The difficulties that perplex men's thoughts and entangle their understandings.Locke.
Allowing her to entangle herself with a person whose future was so uncertain.Froude.
(En*tan"gle*ment) n. State of being entangled; intricate and confused involution; that which
entangles; intricacy; perplexity.
(En*tan"gler) n. One that entangles.
(||En*ta"si*a) n. [NL., fr. Gr. . See Entasis.] (Med.) Tonic spasm; applied generically to
denote any disease characterized by tonic spasms, as tetanus, trismus, etc.
(||En"ta*sis) n. [NL., from Gr. a stretching; fr. in + to extend.]
1. (Arch.) A slight convex swelling of the shaft of a column.
2. (Med.) Same as Entasia.
(En*tass"ment) n. [F. entassement, fr. entasser to heap up.] A heap; accumulation. [R.]
(En*tas"tic) a. [Formed as if fr. (assumed) Gr. . See Entasis.] (Med.) Relating to any disease
characterized by tonic spasms.
(En*tel"e*chy) n. [L. entelechia, Gr. prob. fr. to be complete; + completion, end + to have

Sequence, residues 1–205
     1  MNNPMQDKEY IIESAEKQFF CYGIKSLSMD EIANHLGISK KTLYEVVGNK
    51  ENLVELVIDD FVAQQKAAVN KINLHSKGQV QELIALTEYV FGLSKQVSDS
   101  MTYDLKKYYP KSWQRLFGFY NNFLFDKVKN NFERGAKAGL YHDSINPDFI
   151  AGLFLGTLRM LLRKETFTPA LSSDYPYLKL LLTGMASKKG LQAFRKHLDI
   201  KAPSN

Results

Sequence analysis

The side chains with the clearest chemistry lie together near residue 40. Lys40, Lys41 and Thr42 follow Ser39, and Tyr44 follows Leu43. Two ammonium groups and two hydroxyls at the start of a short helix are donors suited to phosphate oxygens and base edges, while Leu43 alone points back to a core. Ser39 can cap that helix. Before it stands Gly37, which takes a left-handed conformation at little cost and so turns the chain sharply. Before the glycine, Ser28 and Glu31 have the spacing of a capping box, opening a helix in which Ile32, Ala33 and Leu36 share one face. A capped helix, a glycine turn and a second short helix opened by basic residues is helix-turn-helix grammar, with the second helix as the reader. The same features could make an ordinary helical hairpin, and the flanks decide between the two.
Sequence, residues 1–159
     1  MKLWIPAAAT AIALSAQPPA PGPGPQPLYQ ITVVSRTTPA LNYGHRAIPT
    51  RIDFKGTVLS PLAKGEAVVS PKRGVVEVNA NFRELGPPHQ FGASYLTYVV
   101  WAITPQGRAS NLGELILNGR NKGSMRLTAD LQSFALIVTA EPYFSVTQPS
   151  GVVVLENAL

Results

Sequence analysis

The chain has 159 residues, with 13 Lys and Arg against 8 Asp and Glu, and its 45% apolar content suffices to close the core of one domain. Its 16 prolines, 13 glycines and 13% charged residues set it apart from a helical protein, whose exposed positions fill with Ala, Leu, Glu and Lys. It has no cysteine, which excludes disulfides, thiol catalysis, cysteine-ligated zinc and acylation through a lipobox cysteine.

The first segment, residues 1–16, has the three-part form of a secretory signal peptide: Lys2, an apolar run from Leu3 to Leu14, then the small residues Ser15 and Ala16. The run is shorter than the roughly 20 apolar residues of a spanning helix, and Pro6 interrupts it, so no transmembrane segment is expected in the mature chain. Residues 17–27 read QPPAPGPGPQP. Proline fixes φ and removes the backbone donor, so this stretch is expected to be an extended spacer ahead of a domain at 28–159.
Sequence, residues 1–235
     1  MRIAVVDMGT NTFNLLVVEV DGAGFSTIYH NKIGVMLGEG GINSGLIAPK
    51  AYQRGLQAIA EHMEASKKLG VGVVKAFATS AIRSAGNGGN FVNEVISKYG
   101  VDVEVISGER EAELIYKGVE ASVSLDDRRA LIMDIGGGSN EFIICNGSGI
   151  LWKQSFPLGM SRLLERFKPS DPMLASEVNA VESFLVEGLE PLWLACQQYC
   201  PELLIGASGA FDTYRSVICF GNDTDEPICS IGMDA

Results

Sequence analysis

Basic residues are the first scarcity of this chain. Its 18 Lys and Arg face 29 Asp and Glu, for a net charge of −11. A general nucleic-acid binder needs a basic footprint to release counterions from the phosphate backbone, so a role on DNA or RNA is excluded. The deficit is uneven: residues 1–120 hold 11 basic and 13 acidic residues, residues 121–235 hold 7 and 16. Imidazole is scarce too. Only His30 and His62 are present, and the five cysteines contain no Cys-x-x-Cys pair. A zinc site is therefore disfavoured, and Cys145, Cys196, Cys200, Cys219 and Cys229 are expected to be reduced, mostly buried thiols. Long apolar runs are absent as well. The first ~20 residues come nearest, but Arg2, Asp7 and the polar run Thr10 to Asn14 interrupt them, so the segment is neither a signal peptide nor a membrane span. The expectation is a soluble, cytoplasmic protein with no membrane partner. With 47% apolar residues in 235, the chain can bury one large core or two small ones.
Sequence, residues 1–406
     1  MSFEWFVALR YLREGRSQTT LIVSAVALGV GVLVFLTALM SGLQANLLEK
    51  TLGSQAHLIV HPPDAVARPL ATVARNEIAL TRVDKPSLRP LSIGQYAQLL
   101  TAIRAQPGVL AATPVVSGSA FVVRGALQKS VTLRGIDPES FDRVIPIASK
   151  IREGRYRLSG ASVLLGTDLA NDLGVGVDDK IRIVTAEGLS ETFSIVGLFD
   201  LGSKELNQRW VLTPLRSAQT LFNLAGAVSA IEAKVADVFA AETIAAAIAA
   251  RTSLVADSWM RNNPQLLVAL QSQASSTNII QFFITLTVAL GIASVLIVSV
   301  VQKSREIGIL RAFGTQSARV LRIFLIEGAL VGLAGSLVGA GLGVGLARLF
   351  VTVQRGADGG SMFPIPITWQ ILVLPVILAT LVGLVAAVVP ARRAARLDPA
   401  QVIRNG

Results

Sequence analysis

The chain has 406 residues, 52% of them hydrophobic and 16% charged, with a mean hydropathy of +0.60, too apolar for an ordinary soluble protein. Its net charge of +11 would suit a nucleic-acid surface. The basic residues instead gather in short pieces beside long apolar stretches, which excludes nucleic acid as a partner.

or hold.] (Peripatetic Philos.) An actuality; a conception completely actualized, in distinction from mere
(||En*tel"lus) n. [NL., the specific name, fr. Gr. to command.] (Zoöl.) An East Indian long-
tailed bearded monkey (Semnopithecus entellus) regarded as sacred by the natives. It is remarkable
for the caplike arrangement of the hair on the head. Called also hoonoomaun and hungoor.
(En*tend") v. i. [F. entendre, fr. L. intendere. See Intend.] To attend to; to apply one's self to.
(En*ten"der) v. t.
1. To make tender. [R.] Jer. Taylor.
2. To treat with tenderness. [R.] Young.
(En*ten"tive) a. [OF. ententif.] Attentive; zealous. [Obs.] Chaucer.
(En"ter-) [F. entre between, fr. L. inter. See Inter-] A prefix signifying between, among, part.
(En"ter) v. t. [imp. & p. p. Entered ; p. pr. & vb. n. Entering.] [OE. entren, enteren, F. entrer,
fr. L. intrare, fr. intro inward, contr. fr. intero fr. inter in between, between. See Inter-, In, and cf.
1. To come or go into; to pass into the interior of; to pass within the outer cover or shell of; to penetrate; to
pierce; as, to enter a house, a closet, a country, a door, etc.; the river enters the sea.
That darksome cave they enter.Spenser.
I, . . . with the multitude of my redeemed,Milton.
Shall enter heaven, long absent.